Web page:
Hamel had tried once before to get her letters back. About 10 to 15 years after Pamela’s death, Hamel called the Manchester Police, but felt brushed off. She was promised the letters would be returned to her when the investigation and trial were over.
“I didn’t feel like they were hearing me at all,” Hamel said. She never tried again, until Rep. Rosemarie Rung, D-Merrimack, contacted her.
Rung had seen Hamel’s comment on the Facebook post and responded that she was a state Representative and may be able to help her out.
“You never know how that writing will illicit feelings and memories,” Rung said in an interview. “I feel my role was just as a little catalyst, just to match that reader and writer with the means to bring about what was such an important part of their life.”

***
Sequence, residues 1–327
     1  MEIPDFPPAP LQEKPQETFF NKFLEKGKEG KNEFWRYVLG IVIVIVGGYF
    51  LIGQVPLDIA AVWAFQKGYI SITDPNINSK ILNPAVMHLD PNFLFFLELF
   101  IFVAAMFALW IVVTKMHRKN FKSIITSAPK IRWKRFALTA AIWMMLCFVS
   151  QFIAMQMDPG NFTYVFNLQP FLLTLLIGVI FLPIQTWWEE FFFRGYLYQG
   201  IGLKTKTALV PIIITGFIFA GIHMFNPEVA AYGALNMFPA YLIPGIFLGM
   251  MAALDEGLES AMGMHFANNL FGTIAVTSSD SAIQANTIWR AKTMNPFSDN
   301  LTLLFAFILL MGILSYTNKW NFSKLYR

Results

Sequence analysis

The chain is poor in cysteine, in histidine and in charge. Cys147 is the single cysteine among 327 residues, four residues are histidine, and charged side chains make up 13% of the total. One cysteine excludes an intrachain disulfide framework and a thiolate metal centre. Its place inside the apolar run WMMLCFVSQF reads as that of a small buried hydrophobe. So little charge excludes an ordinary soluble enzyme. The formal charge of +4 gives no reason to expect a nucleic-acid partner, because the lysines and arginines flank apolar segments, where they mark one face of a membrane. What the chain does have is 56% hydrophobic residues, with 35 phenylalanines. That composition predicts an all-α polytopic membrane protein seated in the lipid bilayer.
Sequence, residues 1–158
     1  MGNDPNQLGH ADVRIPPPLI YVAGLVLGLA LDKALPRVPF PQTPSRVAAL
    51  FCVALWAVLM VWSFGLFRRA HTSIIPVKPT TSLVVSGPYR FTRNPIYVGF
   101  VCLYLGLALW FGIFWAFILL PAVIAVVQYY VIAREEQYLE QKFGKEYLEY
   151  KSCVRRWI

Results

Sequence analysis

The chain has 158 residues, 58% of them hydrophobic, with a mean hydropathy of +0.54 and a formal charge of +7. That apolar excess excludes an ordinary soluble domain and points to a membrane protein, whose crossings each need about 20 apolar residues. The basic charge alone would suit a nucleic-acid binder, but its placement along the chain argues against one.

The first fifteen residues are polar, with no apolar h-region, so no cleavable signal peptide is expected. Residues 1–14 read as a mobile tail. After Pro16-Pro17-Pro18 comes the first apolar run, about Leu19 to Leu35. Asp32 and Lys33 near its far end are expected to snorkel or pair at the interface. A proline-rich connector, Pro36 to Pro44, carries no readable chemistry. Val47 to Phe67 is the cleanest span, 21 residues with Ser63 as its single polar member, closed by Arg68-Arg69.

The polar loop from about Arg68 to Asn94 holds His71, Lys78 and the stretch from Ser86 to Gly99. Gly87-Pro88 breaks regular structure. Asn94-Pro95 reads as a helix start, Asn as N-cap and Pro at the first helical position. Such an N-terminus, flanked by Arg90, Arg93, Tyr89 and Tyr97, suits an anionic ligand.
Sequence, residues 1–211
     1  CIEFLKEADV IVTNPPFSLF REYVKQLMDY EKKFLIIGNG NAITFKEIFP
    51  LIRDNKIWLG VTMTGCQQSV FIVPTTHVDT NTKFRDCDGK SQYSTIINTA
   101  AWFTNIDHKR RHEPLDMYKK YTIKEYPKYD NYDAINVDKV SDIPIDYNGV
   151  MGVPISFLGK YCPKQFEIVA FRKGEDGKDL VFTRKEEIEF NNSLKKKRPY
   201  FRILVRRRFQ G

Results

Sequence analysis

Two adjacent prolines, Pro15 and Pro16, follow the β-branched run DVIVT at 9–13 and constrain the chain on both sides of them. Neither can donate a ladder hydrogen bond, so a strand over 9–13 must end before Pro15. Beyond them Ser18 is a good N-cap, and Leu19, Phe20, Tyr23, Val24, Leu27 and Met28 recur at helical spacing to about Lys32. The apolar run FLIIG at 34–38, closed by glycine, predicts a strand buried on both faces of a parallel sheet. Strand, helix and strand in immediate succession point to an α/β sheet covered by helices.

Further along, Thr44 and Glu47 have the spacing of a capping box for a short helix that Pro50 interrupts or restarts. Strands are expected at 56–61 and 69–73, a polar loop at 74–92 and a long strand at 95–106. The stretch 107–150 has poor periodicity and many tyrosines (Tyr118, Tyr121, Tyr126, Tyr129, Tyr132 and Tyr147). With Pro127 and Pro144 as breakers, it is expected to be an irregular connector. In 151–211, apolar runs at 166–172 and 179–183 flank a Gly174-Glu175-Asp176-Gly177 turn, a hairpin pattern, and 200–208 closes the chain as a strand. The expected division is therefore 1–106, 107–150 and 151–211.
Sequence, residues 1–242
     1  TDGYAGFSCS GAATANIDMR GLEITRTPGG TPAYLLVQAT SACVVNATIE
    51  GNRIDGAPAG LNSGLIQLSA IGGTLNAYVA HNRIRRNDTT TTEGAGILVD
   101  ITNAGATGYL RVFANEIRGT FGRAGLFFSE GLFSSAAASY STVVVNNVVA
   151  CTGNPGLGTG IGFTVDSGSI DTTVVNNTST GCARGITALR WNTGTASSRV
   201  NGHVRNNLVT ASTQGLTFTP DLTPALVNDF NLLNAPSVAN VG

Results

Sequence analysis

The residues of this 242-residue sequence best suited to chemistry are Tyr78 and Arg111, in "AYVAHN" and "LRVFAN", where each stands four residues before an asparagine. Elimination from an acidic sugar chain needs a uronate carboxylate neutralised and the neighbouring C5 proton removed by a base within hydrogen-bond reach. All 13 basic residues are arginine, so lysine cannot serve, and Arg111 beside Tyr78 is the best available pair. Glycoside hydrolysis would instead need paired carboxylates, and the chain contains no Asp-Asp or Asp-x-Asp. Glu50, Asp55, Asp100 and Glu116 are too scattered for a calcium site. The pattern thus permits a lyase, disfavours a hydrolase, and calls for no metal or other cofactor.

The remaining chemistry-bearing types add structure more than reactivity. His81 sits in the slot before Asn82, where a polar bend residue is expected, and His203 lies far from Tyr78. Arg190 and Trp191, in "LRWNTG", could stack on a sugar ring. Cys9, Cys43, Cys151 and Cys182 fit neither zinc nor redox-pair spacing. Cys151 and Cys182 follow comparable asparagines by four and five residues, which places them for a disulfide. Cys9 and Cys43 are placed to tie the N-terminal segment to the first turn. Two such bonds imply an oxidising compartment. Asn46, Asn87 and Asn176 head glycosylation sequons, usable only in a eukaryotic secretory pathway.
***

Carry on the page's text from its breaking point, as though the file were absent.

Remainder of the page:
Rung immediately got to work, contacting other state Representatives and the Manchester Police Department to get the letters back. Rung asked Rep. Mary Heath, D-Manchester, who is also Ward 4 Alderman, to help facilitate the process.
Heath quickly contacted Chief Allen D. Aldenberg of Manchester Police Department, who she gives the most credit for getting the letters back. Aldenberg contacted the Attorney General to get permission to release the letters, and no other evidence from the case. Heath said Aldenberg’s help was instrumental in giving these women back a piece of their past.
“I’m so grateful that a woman who had a friend a long time ago could really be made whole in her heart to get the letters back that they had shared together,” Heath said over the phone.